As most people know at this point, immigration reform has hit the U.S. through an executive order by President Obama and not through Congress. Brian Lerner explains that there is a hefty debate going on with this issue as to whether the immigration reform was constitutional or not.
The Republicans are angry and state that Congress should be making laws regarding immigration reform. However, the U.S. Senate prepared a complete bill for immigration reform. It included an overhaul of both enforcement and affirmative immigration. However, explains Brian D. Lerner, when the Bill was sent to the U.S. House of Representatives, it sat there and sat there and sat there. The Speaker of the House would not even bring it for an up or down vote. Thus, while the Republicans are now furious that President Obama took the immigration reform in his own hands, the statements that Congress should do something is a bit disingenuous. They may have disagreed with the Senate version of the Bill, but why not put it up for debate? Why not allow it to go for a vote? Rather, they did nothing. Thus, explains Brian D. Lerner, Immigration Attorney, it is not as though President Obama came rushing through the doors to do immigration reform. Rather, he waited 1 ½ years after the Senate passed a bill. Clearly the immigration system is broken and immigration reform is needed.
Thus, the question: Is executive action by the President of the United States on Immigration Reform constitutional? In actuality, all the way back to the first President of the United States, George Washington, there have been executive orders. In this case, only when Congress has failed to act, did President Obama take action. In actuality, President Obama has not issued a lot of executive orders in his tenor as President of the United States. Now, for what seems like the first time, the House is stating they should debate and talk about the issue on immigration reform. That is great! If the President giving an executive order is what is necessary to get the House to do something for the people of the United States on immigration reform, then President Obama’s executive action is working.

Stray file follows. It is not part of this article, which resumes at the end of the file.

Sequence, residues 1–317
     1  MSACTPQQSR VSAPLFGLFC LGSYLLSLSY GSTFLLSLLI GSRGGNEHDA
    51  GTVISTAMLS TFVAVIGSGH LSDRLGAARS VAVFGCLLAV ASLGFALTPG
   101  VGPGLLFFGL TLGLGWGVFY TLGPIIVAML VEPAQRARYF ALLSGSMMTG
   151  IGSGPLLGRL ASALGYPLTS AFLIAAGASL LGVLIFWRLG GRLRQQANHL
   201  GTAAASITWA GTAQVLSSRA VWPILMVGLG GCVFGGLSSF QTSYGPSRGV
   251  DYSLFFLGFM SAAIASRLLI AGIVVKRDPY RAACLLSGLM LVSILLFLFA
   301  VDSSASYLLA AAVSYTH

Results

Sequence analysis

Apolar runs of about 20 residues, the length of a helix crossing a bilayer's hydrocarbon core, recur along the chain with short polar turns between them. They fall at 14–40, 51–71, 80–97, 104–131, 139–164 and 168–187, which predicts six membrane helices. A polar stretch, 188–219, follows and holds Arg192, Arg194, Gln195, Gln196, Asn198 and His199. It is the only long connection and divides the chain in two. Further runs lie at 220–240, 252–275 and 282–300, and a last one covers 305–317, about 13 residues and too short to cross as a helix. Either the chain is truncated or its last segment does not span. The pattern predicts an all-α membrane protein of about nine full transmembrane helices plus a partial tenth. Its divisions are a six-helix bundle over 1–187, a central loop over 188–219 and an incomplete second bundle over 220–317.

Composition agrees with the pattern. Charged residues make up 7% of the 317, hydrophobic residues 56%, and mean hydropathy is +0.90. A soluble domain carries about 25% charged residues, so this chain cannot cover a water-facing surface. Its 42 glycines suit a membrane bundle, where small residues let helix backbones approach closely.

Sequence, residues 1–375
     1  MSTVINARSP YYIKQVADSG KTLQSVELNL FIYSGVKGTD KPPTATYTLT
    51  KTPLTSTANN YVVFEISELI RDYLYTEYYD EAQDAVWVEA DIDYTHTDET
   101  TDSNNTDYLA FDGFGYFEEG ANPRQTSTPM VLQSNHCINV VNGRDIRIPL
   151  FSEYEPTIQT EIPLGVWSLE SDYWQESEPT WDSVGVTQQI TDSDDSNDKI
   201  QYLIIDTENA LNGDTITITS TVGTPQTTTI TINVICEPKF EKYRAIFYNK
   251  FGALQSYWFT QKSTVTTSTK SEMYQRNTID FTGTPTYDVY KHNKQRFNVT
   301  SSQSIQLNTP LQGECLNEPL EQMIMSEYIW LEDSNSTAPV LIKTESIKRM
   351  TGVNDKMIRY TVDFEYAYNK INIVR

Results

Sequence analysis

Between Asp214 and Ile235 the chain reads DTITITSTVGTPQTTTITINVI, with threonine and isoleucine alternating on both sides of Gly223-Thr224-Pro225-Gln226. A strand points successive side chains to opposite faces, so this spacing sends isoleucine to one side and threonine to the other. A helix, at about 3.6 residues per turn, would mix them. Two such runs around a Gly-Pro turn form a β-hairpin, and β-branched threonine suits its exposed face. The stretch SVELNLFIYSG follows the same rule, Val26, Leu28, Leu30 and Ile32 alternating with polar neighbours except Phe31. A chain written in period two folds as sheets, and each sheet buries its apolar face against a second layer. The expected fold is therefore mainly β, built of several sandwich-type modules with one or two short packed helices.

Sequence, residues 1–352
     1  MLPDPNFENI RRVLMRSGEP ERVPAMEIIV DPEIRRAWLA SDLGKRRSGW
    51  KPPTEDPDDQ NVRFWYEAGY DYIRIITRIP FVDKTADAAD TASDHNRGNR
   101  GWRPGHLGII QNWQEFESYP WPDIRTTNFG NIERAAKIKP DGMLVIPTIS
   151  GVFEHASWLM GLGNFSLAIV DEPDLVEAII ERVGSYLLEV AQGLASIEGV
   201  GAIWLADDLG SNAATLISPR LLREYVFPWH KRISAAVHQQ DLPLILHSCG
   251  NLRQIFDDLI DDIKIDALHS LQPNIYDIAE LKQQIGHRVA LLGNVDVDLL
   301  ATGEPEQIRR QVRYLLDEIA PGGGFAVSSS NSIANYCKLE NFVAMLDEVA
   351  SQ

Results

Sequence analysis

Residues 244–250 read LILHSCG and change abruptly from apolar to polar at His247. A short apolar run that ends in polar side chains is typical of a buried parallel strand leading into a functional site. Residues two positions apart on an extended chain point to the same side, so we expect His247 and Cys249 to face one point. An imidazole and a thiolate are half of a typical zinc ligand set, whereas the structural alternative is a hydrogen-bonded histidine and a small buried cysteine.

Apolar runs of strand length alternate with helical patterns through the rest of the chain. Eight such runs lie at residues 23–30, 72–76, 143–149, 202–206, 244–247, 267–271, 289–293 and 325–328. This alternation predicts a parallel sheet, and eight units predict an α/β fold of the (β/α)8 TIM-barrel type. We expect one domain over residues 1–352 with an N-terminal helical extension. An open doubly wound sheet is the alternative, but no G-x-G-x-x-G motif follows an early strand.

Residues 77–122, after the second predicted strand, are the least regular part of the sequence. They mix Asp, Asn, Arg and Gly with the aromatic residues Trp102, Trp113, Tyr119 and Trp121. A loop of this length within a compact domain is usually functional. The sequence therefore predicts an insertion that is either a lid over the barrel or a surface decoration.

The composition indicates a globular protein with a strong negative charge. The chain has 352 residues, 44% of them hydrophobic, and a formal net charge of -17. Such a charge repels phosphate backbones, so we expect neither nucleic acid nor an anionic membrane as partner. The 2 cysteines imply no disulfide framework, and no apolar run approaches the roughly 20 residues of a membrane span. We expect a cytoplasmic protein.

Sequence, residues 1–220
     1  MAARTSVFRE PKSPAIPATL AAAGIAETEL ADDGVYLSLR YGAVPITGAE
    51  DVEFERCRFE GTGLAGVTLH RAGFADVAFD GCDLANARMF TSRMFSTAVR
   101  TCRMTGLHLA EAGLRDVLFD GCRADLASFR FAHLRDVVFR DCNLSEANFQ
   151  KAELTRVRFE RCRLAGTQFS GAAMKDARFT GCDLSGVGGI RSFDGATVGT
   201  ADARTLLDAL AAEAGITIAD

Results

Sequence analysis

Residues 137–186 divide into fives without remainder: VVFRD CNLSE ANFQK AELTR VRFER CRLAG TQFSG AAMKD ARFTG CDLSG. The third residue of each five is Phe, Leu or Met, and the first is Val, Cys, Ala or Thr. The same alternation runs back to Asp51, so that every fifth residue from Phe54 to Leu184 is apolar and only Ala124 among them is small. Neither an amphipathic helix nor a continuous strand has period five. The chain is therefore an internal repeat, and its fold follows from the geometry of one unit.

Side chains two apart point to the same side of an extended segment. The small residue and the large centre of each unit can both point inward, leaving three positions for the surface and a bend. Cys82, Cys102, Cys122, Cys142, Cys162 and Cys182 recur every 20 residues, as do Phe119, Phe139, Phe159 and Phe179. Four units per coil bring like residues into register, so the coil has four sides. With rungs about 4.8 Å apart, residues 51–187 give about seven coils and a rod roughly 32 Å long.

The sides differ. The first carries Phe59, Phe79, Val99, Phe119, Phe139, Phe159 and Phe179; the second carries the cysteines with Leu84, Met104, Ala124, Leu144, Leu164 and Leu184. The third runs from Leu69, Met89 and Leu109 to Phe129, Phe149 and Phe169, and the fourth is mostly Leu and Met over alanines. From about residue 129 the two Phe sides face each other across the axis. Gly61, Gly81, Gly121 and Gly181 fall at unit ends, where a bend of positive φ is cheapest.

The President has the constitutional power to carry out his Presidency. He has actually not made any new laws, but has instituted an executive order in which to implement his policies. This is his prerogative. The issue with the constitutionality of this executive order is further shown to be legal based upon the past. DACA or DREAMERS or Deferred action has been around for a couple of years. This was also made via an executive order by President Obama. Why did the Republicans not question this executive order? Why did they not bring a lawsuit or try to get some order that DACA itself was not constitutional? Here, explains Brian D. Lerner with the current executive order, DACA has been expanded. However, the expansion of DACA goes to basically taking away the upper age limit and making it so instead of being here in the U.S. since 2007, it would be 2010. Granted, the immigration reform and constitutionality of that reform is questioning the other provisions as well. However, it seems, according to Brian Lerner, that it is the content of the immigration reform and perhaps the expansion is what has many Republicans trying to fight it. However, according to Brian D. Lerner, the immigration reform has taken effect and there are a great many organizations and Law Professors all across the U.S. which have expressed their support for the immigration reform and its constitutionality. Of course there are about 17 Repblican Governors that have filed suit against the unconstitutionality of the immigration reform. It is the opinion of Brian D. Lerner, that this suit is more of a political statement as it is unlikely to be ruled that it is not constitutional.
There are certainly a lot of arguments on both sides. However, immigration reform is needed (whether you are for immigration reform or against immigration reform) and one way or another it must be done. Thus, if President Obama’s executive action has started the wheels of Congress debating and moving forward, then hopefully the momentum will continue and Congress will ultimately pass a much needed immigration reform package.